Fruit fly management Spring has sprung, which means it is time to make sure your fruit fly management practices are up to date to protect your produce and nearby properties.Similar control methods and strategies can be used to control the two main pest species of fruit fly in Australia: the Queensland fruit fly and the Mediterranean fruit fly. Early Spring is the time for monitoring traps and the use of protein bait sprays and traps. In Summer, fallen fruit should be collected and destroyed. Read more HERE.
NSW government calling urban farmers for Western Sydney Parklands The Western Sydney Parklands Trust is calling for expressions of interest in a new release of urban farming lots and are requesting “viable” applications that demonstrate sustainable farming practices.The six land parcels range from three to nine hectares and are available for mixed agricultural uses such as open growing, orchards and glasshouses. Applications for farming proposals are open until 14 October. Read the full articleHERE.
Have your say on NSW water sharing plans The Natural Resources Commission has extended the time for submissions for its reviews of water sharing plans for the Greater Metropolitan Region Groundwater Sources 2011 and Unregulated River Water Sources 2011.This is your opportunity to comment on the plans which govern water sharing arrangements. The Commission is interested in your comments regarding the associated environmental, social and economic outcomes.Submissions will close on Friday 25 October 2019. For more information, click HERE.
WORKSHOPS & EVENTS
Native bee workshop for vegetable growers Date: Friday 11 October 2019 Time: 12pm-3pm Cost: FREE Location: 40 Edwards Road, Richmond Lowlands This workshop will explore good pollination for quality crop yields, potential effects of native bee and other insect pollinators and how to increase populations of native bees. Registration is essential. For further details, click HERE.
Thinking outside the square bale Date: Monday 14 October 2019 Time: 9.15am - 4pm Location: 1900 Wombeyan Caves Rd, HIGH RANGE Cost: FREE Whether you are feeding for maintenance or production, this workshop will explore practical, cost-effective ways of feeding livestock. Two farms will be visited to look at how Dried Distillers Grain (pellets) is being fed to lactating cows, lactating ewes and to finish lambs. Participants will get to see all aspects of the feeding system and hear first-hand from the producers. To register, click HERE.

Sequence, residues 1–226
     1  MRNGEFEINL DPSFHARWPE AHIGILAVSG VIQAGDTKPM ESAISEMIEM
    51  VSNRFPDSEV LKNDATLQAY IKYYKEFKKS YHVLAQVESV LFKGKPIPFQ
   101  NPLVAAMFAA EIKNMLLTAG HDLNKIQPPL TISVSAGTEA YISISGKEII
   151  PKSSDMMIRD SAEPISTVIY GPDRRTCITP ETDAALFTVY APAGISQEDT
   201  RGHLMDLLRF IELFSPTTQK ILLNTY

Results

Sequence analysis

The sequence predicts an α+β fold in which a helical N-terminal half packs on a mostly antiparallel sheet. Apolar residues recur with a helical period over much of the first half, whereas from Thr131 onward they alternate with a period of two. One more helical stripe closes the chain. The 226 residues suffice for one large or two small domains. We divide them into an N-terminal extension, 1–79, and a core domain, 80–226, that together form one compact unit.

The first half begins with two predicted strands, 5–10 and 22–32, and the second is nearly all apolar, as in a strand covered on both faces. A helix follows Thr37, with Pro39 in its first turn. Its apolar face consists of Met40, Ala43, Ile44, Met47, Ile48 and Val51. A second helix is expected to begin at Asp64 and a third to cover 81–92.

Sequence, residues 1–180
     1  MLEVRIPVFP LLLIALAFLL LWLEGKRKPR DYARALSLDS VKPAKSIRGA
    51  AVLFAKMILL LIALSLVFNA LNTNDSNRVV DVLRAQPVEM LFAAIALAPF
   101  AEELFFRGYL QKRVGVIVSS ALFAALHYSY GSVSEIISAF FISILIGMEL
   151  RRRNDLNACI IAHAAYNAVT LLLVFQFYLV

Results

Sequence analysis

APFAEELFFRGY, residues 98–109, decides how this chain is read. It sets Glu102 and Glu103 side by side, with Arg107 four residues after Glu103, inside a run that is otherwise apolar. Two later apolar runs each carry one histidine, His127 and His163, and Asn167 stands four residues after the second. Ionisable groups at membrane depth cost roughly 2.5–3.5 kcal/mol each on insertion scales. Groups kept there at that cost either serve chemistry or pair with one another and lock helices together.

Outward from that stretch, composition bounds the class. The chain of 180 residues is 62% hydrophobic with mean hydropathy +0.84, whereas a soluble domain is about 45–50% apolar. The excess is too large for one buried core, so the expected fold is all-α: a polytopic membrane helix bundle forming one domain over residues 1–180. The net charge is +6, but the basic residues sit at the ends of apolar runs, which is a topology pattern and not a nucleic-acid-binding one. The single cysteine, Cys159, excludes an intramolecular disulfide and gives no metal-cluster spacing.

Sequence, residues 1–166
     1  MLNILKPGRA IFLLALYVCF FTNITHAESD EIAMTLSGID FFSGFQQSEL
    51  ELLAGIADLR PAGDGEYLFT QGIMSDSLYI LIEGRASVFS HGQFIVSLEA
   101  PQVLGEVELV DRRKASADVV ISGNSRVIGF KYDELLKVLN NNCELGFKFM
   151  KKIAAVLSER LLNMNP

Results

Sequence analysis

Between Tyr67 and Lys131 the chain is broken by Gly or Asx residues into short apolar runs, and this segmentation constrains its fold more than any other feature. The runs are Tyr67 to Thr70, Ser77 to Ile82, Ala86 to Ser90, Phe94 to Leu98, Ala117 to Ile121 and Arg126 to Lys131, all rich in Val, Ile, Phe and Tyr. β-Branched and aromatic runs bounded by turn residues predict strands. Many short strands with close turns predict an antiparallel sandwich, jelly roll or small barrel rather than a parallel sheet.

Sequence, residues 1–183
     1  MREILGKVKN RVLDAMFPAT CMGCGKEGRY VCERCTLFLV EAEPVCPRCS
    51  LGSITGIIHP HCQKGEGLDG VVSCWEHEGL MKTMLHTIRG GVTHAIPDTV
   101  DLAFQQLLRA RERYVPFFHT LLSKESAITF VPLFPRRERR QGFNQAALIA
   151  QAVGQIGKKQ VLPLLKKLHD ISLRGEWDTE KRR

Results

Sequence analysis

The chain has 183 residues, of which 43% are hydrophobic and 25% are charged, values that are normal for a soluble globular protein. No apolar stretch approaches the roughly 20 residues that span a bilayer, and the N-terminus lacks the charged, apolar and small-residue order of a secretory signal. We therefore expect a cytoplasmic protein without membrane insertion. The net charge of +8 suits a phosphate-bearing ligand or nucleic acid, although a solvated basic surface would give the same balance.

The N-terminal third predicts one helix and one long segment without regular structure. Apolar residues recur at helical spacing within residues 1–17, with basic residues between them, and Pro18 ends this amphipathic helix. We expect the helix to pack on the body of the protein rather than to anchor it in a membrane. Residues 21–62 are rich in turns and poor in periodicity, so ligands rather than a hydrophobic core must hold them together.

Holistic management in the Kangaroo Valley
Eight day course
Session 1: Oct 15-16 Session 2: Nov 12-13 Session 3: Dec 10-11 Session 4: Jan 14-15 Location: Kangaroo Valley
Presenter: Brian Wehlburg, Inside Outside Management Cost: $2,200 (inc GST), RAA funding available if eligible. Learn how to grow pasture for profit, work with nature, make holistic decisions and use livestock as a tool. Inquiries:[email protected]
Mangrove Mountain Country Fair Date: Sunday 19 October 2019 Time: 10am-4pm Location: Cnr Wisemans Ferry Road & Waratah Road, Mangrove Mountain This annual community event is filled with fun activities for the family with stalls, farm animals, pony rides, arts and crafts, celebrating the community of Mangrove Mountain. For more details, click HERE.
Introduction to organic market gardening Date: 1-3 November 2019 Time: 8:30am-4:30pm Location: Pocket City Farms, Camperdown Cost: $750 Learn how to start an organic market garden from scratch with a combination of theory + on-farm knowledge. This course is for those who want to establish a viable, small-scale organic growing enterprise. For further information, read HERE.
Who's living on my land? workshops
Date: Tuesday 5 November 2019 Date: Thursday 14 November 2019 Location: Annangrove Location: Central Coast For more details and to book, click HERE. For more details and to book, click HERE.
Time (both workshops): 10.00am - 3pm Cost: FREE, but bookings are essential. Landholders are invited to learn about who is living on their land. by learning about native and feral animal activity by studying their footprints, scats and also using motion sensor cameras. Speakers include Robyn Urqhuart, a Conservation Land Management teacher and Stephanie Clark from National Parks Association. Morning tea and lunch will be provided.